There are apparently around 500,000 people who have access to the hoards of data that the US National Security Agency (NSA) is collecting about you and I. Only one of those people was Edward Snowden, and without anyone noticing he managed to extract up to 200,000 documents from their systems and leaked them to the press, and is now a political refugee. This really begs the question that if the NSA can't keep its own "Top Secret" classified files safe from leaking out, how can any intelligence agency protect your metadata from the exact same thing?
This specific issue of the leaking of metadata hasn't really garnered much attention in the media. It generally gets covered when one calls into question an intelligence agency's ability to keep the data safe, however the discussion normally focuses on external attacks like the ones that happened to Sony, Target, or Adobe, or a state-sponsored attack. Lets get real though, whilst there's no such thing as perfect security, it's unlikely that the NSA is going to fall victim to an external attack, as generally these are a result of technical incompetence by the people implementing the systems. The NSA is employing the smartest and brightest people in the world and is very well equipped to deal with threats like these. What intelligence agencies are not well equipped to deal with though is leakers, as the only way to protect data from leakers is to deny access to it - what point is there in collecting it if no-one can access it?
Shortly after the leaks started coming out, the NSA really started cracking down on system administrators, which is the position that Edward Snowden held at NSA contractor Booz Allen Hamilton. This is unlikely to be of any significant benefit, as system administrators are required to have the keys to the kingdom if you will, and they're able to access the complete set of data because this access is required to be able to to perform their job. Disallowing them access to this data would be akin to telling your car mechanic that under no circumstances are they to touch the engine.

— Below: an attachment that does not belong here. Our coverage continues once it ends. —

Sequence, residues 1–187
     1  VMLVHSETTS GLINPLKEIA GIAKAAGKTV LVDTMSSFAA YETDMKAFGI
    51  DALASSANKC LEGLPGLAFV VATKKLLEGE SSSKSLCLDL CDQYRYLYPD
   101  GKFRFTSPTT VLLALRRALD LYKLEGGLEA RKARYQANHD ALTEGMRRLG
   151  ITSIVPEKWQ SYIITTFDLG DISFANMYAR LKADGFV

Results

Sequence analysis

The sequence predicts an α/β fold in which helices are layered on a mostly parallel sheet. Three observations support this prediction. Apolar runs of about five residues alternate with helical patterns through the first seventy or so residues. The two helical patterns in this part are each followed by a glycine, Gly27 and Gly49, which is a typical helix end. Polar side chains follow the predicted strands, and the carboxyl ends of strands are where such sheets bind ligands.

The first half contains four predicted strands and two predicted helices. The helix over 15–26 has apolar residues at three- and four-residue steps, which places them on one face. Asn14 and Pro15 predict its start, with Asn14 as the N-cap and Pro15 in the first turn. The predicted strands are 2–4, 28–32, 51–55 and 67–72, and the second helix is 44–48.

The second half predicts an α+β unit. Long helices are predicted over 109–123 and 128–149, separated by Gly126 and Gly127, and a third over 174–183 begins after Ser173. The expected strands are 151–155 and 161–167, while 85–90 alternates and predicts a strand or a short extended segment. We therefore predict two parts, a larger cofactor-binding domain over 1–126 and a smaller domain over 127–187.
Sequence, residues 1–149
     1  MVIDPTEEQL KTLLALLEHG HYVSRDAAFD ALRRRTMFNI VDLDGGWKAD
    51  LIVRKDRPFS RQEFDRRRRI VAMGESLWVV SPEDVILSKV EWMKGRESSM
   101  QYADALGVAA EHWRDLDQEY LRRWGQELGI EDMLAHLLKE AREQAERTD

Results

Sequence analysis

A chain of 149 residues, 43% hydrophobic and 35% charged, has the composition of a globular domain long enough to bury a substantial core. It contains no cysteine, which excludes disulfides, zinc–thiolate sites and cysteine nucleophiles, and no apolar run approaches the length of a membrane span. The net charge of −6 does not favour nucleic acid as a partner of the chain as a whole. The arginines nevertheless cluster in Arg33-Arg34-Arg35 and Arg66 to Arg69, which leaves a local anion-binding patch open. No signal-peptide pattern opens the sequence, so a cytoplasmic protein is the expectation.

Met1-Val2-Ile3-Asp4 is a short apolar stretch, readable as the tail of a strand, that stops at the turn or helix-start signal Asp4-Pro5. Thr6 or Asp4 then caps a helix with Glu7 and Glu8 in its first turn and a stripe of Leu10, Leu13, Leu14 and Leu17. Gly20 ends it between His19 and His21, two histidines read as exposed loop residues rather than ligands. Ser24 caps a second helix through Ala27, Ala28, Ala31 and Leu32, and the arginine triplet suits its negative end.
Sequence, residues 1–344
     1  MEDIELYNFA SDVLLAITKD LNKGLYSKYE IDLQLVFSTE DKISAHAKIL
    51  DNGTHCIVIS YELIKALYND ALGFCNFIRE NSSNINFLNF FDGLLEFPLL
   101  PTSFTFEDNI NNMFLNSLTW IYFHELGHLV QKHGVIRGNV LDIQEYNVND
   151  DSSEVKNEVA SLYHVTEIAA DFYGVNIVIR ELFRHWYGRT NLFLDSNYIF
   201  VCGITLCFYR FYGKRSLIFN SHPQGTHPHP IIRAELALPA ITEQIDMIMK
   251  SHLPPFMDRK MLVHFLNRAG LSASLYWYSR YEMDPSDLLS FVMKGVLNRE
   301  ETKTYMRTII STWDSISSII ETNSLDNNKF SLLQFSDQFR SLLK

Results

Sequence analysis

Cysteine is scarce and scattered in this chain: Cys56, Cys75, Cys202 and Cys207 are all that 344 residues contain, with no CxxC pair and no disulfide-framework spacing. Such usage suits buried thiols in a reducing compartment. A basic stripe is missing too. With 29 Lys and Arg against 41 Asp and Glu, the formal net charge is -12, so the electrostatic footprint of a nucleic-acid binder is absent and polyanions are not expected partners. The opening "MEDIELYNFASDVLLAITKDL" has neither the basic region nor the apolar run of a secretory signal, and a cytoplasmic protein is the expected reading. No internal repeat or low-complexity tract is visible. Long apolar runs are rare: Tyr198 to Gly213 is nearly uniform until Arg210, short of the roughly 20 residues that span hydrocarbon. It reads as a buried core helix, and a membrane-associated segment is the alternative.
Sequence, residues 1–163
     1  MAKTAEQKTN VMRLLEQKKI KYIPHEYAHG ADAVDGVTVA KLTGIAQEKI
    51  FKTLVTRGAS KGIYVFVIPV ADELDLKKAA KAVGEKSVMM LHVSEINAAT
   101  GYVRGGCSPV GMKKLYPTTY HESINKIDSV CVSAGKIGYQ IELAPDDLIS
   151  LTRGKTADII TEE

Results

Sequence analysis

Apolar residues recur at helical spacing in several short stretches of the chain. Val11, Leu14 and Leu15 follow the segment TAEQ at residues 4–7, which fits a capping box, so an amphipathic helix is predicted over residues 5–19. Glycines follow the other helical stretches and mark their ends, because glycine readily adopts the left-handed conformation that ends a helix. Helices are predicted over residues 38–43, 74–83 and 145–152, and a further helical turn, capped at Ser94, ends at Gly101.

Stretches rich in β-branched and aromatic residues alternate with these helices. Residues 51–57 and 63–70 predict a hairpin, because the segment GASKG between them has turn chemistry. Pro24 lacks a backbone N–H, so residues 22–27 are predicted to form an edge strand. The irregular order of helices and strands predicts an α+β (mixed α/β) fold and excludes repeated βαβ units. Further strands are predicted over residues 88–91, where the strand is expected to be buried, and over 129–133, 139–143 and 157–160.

A reason that the vulnerability of metadata to leaking is not being covered very much I believe is that the people deciding on the majority of the talking points in regards to criticism of the NSA are people and organisations very closely tied to Edward Snowden. It would seem almost hypocritical for Snowden's most ardent supporters to argue that "leaking this information could be catastrophic" whilst continuing to release more and more information derived from leaks. Whilst there is clearly a huge contrast between leaks exposing a worldwide network of rogue intelligence agencies, and leaking of personal metadata of innocent people, it's still cause to tread lightly in a world of sound bytes and only surface level analysis of significant issues by the mainstream media.
System administrators must have access to your metadata to do their job. So, the question is, is there another Edward Snowden out there willing to go a (large) step further. Is there one out there who, after seeing no political drive from the major parties around the world, is willing to leak the websites you've visited, the people you've emailed, the phone calls you've made, the transaction history of your credit card, etc etc? I don't want to find out.